The devices of the present invention are particularly suitable for patient-controlled analgesia, where the patient self-administers the drug in response to the pain he or she is experiencing. In order for such patient-controlled pain management to be effective, the drugs must be available to the patient in such a way that they can be easily and safely administered. In particular, it is important that the patient does not overdose. Large doses of these drugs may lead to respiratory depression and some euphoric activity which can lead to abuse and dependency. The side-effect of respiratory depression is another reason why self-dosing is attractive for these drugs. Self-administration allows the patient to adjust the frequency of doses according to the respiratory depression experienced.

The devices according to the present invention may include any known type of valve, for example inverted valves or upright valves. Devices with inverted valves are generally preferred, as the volumes of pharmaceutical composition that they dispense are more accurate and consistent. Dispensing an accurate dose is of particular importance when administering such powerful drugs as opioid analgesics.

Examples of suitable upright valve devices for dispensing the pharmaceutical compositions described herein are readily available from Bespak PLC of Bergen Way, Kings Lynn, Norfolk PE30 2JJ, United Kingdom. Devices with upright valves include those disclosed in WO 92/11190, U.S. Pat. No. 4,819,834 and U.S. Pat. No. 4,407,481.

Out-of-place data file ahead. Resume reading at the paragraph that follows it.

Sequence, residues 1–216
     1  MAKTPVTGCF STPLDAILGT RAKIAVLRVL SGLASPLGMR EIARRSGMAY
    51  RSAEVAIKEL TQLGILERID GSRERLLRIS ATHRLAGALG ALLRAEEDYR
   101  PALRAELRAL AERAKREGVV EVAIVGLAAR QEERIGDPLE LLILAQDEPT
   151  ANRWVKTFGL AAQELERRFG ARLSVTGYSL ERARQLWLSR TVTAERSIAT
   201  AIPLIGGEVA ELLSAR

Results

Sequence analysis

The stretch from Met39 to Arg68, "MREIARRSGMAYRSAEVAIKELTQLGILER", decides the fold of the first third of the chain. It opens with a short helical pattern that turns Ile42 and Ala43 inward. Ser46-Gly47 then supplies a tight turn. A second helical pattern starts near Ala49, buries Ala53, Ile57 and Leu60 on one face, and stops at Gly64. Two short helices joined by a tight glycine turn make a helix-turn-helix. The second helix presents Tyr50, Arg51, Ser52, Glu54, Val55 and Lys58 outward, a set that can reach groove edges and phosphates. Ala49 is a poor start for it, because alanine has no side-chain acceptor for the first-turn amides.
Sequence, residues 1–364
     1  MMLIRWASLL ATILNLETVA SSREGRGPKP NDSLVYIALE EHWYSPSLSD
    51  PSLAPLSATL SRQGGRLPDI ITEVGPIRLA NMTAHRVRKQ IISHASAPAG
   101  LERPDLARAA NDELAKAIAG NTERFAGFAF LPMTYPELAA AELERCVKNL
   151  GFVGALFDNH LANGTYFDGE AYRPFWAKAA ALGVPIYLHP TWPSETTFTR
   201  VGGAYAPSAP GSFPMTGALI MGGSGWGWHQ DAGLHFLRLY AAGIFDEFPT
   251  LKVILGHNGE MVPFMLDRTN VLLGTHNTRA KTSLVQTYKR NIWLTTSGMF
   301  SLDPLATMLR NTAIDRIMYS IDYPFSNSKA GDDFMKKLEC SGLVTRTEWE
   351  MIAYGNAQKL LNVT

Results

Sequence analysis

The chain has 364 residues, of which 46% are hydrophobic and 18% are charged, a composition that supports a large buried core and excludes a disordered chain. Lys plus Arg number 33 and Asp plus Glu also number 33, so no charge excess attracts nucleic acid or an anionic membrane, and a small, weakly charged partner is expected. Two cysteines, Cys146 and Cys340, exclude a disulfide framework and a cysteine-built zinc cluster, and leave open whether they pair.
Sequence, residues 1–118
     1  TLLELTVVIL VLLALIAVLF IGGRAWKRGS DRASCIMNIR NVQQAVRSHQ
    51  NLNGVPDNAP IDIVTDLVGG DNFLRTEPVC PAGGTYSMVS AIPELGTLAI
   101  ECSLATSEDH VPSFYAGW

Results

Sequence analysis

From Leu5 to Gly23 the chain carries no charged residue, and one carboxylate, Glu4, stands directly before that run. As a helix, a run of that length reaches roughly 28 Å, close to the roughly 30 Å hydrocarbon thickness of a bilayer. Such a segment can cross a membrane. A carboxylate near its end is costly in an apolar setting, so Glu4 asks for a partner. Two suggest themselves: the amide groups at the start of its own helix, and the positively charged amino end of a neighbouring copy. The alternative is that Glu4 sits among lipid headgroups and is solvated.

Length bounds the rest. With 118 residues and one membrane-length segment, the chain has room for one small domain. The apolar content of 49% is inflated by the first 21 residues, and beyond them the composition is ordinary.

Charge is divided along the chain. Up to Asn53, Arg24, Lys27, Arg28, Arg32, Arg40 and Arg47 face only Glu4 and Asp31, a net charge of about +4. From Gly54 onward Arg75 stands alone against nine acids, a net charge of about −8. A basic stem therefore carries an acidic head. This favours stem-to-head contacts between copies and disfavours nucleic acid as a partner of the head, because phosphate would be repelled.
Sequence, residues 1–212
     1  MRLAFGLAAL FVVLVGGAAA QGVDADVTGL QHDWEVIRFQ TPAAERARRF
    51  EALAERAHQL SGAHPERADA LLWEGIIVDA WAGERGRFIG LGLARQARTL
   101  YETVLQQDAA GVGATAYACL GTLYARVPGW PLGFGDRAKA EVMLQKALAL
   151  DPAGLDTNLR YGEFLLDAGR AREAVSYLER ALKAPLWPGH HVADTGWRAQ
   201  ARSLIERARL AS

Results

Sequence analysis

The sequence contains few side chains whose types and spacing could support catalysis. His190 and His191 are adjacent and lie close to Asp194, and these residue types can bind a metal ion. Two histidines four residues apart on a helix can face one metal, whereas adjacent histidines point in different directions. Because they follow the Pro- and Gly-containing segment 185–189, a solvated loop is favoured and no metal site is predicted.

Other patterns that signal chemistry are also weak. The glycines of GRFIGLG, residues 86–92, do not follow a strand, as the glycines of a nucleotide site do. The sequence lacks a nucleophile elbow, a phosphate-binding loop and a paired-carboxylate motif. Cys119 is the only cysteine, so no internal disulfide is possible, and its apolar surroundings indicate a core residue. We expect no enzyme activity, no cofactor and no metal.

An example of a device according to the present invention will now be described, by way of example only, and with reference to the following drawings.

FIG. 1 is an exploded view of an embodiment of a device in accordance with the invention, intended for sublingual administration of a pharmaceutical composition.

FIG. 2 shows the assembled view of the device of FIG. 1.

FIG. 3 shows an example of a device in accordance with the invention with the actuator in the closed position.

FIG. 4 shows the device of FIG. 3, with the actuator in the active position.

The device shown in FIGS. 1 and 2 comprises a substantially cylindrical container 2 sealed with a cap 3. Both the container 2 and the cap 3 may be manufactured from a variety of materials. The container and cap may be lined with a polyester (such as Celanex® 2500) or a lacquer (not shown). The glass container 2 has a moulded plastic coating 4 on its outer surface.

The container 2 is encased in a housing comprising a housing body 6 and a housing cap 7. This two-part housing configuration allows the container 2, and other device parts, to be placed within the housing and then sealed in.